A young woman from Sandy has joined a campaign to highlight the negative impact of being stared at.
Hannah Ross, 20, was born with Goldenhar syndrome – which means she has a visible facial difference as well as scoliosis (curve of the spine).
And she says she’s been on the receiving end of stares that made her feel ‘like an outcast’.
Hannah explained: “I first became aware of staring when I was around 10 or 11. People would stare at me and I'd think to myself' 'why can't I just look normal then I wouldn't have worry about going out in public knowing people will stare wherever I go?"
"Staring makes you feel like an outcast to society, as it makes you feel like there is something wrong with you and confirms or adds to your insecurities of feeling judged for looking different. It makes you feel paranoid and constantly on edge"
"I remember once when I was 14, I was in the queue in a shop with my sister. There was a girl in the queue who was my age, and she was staring at me. She kept doing it, so I decided to smile. But she didn't smile back, and she wasn't looking away. I felt like I couldn't escape, and it really affected me for days after. I was thinking 'why do I have to live my life worrying about people staring at me?"
Changing Faces, the UK’s leading charity for anyone with a disfigurement or visible difference – a scar, mark or condition on their face or body – is calling on people to ‘Stop The Stare’ as part of Face Equality Week.
New research has revealed that people with visible differences have experienced an increase in hostile behaviour when they go out in public, with a rise from a third (34%) in 2019 to over two in five (43%) in 2021.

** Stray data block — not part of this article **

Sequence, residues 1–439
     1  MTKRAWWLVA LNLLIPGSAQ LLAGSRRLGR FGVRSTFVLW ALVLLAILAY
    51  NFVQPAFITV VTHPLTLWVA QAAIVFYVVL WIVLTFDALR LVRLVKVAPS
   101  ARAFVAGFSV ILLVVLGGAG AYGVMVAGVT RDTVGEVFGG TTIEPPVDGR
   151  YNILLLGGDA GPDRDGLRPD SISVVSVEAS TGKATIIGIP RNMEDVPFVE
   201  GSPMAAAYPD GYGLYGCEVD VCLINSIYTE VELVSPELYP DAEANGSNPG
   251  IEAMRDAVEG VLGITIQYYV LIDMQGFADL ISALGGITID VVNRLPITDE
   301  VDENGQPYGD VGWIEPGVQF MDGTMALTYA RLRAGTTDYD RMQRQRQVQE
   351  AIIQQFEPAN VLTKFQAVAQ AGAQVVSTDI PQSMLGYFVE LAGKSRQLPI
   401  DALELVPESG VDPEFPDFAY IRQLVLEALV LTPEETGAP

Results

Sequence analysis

More than half cited that they have felt self-conscious or embarrassed as a result, and a quarter said they felt isolated and lonely.
Heather Blake, Chief Executive, Changing Faces says: “With limited opportunities to socialise, people shielding, and visible differences being obscured by masks and face coverings, perhaps seeing a diverse range of faces and body types hasn’t been as commonplace in the past two years. But frankly that’s no excuse, it’s simply not acceptable that people are experiencing negative behaviours, abuse and discrimination because of how they look.”
Hannah added: "Representation matters. It not only reflects society but will create a greater understanding of visible differences and stop staring from taking place. I am passionate about raising awareness of the impact of staring and my younger self would be happy that I'm now a Changing Faces campaigner and can use my voice to support others."
Changing Faces is the UK’s leading charity for everyone who has a scar, mark or condition that makes them look different. For advice or support see www.changingfaces.org.uk or call 0300 012 0275.